A keen Gaelic sportsman and talented member of the Dublin minor hurling team, Cormac was just 18 when he began to suffer from fainting and dizzy spells on the pitch.
Despite a number of tests, his condition was initially put down to asthma which he had suffered with since childhood. However, as his symptoms continued he was fitted with a 24-hour Holter monitor, and just hours after leaving the monitor back to the hospital in February 2012, he received an urgent call to present to the Emergency Department immediately.
On arrival at the ED Cormac was admitted to the coronary care unit where he was to stay for two weeks and he underwent a barrage of investigations and tests. It was then that he finally received his diagnosis of Atroventricular or AV Block.
AV Block is a condition where the electrical signals in the heart are disrupted and can cause the heart to skip beats leading to an abnormal heart rhythm which affects the flow of oxygen-rich blood to the body. Cormac learned that in his case his heart was regularly skipping beats and his heart rate was dropping dangerously low at night.
“Afterwards for a year or two I got quite depressed. I wasn’t sleeping and I wasn’t very active,”
Cormac was told that he would need to be fitted with a pacemaker. He was also initially told he would no longer be allowed to participate in contact sports like his beloved hurling and football. For a GAA-obsessed 18 -year-old this was a devastating blow.
It is still unclear what caused Cormac’s heart condition. As sometimes this can be a hereditary condition his entire family underwent screening and none of them were found to be affected therefore experts ruled out a genetic element.
“I was devastated…my first thought was hurling because I was sport obsessed. Generally, with pacemakers contact sport is out of the question,” he said.
Knowing how important sport was to Cormac and the life-altering implications of his passion being taken away, his medical team inserted the pacemaker deeper into his chest wall. He was also provided with a special protective vest to wear so thankfully he could resume hurling and football.
Despite this, however, the whole experience took its toll on the young 18- year-old and he became depressed and withdrawn for a number of years.
“Afterwards for a year or two I got quite depressed. I wasn’t sleeping and I wasn’t very active,” Cormac explained.
He was advised to stop playing GAA for 12 months and after that he started to ease back slowly. He resumed playing hurling for Dublin in the under 21s and for his club Whitehall Colmcilles on Dublin’s northside, and has never looked back.
“It can make you wrap yourself in cotton wool and be very hesitant to do anything, or it can give you a kick in the backside,"
Reflecting on his diagnosis and treatment Cormac said an experience like that at such a young age “can go two ways”.
“It can make you wrap yourself in cotton wool and be very hesitant to do anything, or it can give you a kick in the backside ….for me it was like a wake-up call, like a scare to make you embrace life and make the most of it. Mortality doesn’t really come into your mindset at 18 but it really made me want to embrace life more.”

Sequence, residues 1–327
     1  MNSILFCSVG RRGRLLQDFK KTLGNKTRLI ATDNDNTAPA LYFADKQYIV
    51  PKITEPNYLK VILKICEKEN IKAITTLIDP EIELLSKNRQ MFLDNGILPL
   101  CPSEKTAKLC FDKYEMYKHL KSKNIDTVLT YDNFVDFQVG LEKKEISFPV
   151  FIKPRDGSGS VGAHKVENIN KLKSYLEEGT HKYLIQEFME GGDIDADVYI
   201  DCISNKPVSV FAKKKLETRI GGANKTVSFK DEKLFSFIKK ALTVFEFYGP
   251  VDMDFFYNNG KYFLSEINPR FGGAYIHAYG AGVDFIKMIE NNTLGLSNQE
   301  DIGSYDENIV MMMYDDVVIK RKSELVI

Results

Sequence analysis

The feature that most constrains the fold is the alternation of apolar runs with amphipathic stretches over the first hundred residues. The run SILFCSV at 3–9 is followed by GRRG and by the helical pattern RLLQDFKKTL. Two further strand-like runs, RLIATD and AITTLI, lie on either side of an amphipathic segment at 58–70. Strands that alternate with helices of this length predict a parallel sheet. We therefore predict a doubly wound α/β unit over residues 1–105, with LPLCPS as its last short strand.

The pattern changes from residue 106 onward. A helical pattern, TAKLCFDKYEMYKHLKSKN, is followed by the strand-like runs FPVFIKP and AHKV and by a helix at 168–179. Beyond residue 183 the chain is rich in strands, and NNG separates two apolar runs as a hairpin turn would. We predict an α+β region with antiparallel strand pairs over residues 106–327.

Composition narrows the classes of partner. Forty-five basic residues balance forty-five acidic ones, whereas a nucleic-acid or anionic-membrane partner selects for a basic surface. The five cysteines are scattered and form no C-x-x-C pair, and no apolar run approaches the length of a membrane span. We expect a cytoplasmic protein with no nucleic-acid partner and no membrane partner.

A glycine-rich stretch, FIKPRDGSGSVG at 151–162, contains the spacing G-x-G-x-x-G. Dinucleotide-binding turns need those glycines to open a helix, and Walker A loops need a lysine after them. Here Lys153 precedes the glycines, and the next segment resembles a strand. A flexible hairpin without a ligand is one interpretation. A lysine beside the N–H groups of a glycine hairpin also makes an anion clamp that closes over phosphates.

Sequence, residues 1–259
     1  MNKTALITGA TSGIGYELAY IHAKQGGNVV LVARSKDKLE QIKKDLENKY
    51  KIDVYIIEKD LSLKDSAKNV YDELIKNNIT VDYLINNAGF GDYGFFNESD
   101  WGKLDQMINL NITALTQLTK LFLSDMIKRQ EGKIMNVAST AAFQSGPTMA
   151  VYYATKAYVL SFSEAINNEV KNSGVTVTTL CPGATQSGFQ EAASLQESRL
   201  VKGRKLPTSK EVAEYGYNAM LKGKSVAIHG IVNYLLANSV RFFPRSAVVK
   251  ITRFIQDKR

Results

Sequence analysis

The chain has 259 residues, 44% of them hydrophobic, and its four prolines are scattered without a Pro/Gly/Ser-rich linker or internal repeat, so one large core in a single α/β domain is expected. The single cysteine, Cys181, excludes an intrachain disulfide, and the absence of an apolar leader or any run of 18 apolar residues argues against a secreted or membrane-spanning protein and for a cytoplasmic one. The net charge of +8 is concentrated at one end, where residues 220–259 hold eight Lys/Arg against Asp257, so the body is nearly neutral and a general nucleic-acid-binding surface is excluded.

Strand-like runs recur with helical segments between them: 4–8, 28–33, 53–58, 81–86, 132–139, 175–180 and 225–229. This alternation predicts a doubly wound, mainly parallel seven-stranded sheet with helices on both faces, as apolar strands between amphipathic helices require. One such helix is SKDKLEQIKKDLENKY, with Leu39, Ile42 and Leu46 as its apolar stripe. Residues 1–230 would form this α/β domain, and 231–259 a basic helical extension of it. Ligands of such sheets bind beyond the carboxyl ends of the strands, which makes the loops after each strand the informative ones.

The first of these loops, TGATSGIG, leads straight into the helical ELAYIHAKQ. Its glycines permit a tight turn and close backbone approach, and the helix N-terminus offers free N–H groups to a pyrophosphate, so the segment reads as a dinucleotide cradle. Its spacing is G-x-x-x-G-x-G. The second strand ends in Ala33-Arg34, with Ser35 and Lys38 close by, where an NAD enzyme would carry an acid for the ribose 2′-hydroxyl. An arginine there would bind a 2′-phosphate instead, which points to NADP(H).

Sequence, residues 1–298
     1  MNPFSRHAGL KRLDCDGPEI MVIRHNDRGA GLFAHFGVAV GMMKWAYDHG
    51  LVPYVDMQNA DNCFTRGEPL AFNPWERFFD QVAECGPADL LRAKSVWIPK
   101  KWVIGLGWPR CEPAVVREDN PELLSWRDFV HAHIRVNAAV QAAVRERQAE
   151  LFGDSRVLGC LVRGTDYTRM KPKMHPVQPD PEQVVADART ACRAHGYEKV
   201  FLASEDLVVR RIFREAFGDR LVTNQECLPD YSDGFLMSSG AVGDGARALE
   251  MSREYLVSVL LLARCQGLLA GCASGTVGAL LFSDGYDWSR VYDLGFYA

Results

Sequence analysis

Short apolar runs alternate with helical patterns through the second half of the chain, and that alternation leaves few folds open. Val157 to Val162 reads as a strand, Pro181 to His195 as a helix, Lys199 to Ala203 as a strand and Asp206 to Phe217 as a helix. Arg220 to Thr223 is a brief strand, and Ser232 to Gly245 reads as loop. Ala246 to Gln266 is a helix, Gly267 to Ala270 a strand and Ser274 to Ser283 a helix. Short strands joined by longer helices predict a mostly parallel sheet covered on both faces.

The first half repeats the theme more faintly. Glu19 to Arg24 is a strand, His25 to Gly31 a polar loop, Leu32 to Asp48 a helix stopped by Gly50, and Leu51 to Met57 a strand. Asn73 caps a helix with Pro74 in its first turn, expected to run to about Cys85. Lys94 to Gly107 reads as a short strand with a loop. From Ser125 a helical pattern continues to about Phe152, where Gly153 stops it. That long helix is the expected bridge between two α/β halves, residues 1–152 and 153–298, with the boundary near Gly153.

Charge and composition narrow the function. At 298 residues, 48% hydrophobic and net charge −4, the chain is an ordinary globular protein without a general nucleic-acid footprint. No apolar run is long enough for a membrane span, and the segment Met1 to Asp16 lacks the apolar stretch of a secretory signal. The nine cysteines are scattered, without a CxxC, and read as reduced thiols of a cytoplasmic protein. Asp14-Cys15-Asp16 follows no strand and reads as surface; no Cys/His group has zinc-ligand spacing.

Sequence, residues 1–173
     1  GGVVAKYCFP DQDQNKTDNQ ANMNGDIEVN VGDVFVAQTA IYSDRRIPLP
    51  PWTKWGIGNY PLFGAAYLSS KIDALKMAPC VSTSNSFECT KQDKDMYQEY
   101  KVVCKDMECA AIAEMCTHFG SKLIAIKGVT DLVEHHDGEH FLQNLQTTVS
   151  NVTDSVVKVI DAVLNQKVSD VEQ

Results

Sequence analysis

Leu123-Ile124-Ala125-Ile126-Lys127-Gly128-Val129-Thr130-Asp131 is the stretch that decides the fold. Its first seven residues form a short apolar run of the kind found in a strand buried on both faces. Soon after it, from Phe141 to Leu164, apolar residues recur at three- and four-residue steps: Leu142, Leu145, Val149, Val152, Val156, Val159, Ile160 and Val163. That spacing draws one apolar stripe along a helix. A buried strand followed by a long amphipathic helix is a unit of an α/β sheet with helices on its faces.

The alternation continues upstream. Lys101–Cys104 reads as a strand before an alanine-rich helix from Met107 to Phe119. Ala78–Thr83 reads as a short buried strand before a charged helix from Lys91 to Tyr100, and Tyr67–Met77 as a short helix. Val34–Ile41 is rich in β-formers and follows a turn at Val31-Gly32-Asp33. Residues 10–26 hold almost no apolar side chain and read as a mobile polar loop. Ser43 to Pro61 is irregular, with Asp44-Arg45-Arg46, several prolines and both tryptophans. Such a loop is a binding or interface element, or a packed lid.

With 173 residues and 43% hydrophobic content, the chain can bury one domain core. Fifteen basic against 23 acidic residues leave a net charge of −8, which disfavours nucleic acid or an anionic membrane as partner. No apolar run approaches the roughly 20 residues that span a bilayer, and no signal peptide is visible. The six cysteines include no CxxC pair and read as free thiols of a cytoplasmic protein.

And Cormac has not just embraced life since he had his pacemaker fitted 9 years ago, he has pushed it to its limits, by organising and participating in a number of grueling and lengthy charity cycles raising thousands of euro for the Irish Heart Foundation and other charities.
“If you listen to all the reasons not to do things you’ll never do anything, there’s always a million and one reasons not to take a leap but nothing good comes from that. Now admittedly, that mindset leads to its own problems because I probably find it hard to relax, but nine years later the pacemaker doesn’t bother me. It’s definitely given me a lot more than it’s taken from me,” he said.
Cormac’s strength, resilience and determination to see his pacemaker as an experience that has benefitted rather than diminished his quality of life is truly inspirational.
“This isn't the end of the world you'll feel shame for a year or two, but it's not really going to hold you back or stop you from doing anything.
Asked why he decided to sign up to the Ring of Kerry Virtual Cycle in aid of the Irish Heart Foundation he said it was because he wanted to thank the charity for all the support he received when he was first diagnosed.
As taking the easy way out is obviously not in his nature, Cormac has committed to finding a 170km course over the hilliest terrain near where he now lives in Cork, in an effort to keep his virtual Ring of Kerry Cycle as true to the challenging original course as possible.
Speaking about his numerous charity cycles the 28-year-old community physiotherapist said he didn’t think he would have done any of it if it wasn’t for his diagnosis.
“As down as I got in the first year or two afterward….it’s definitely made me, maybe just more appreciative and not afraid to do things and challenge myself,” he said.
Asked what he would say to any young person who is struggling to come to terms with a similar cardiac diagnosis, Cormac said it was that although it may seem like the end of the world right now, his pacemaker has not had a major impact on his life. If anything, it has shown him just how precious life is.
“This isn’t the end of the world you’ll feel shame for a year or two, but it’s not really going to hold you back or stop you from doing anything. I wish I had someone to tell me that at the time when I was first diagnosed because it really has never stopped me doing anything,” Cormac added.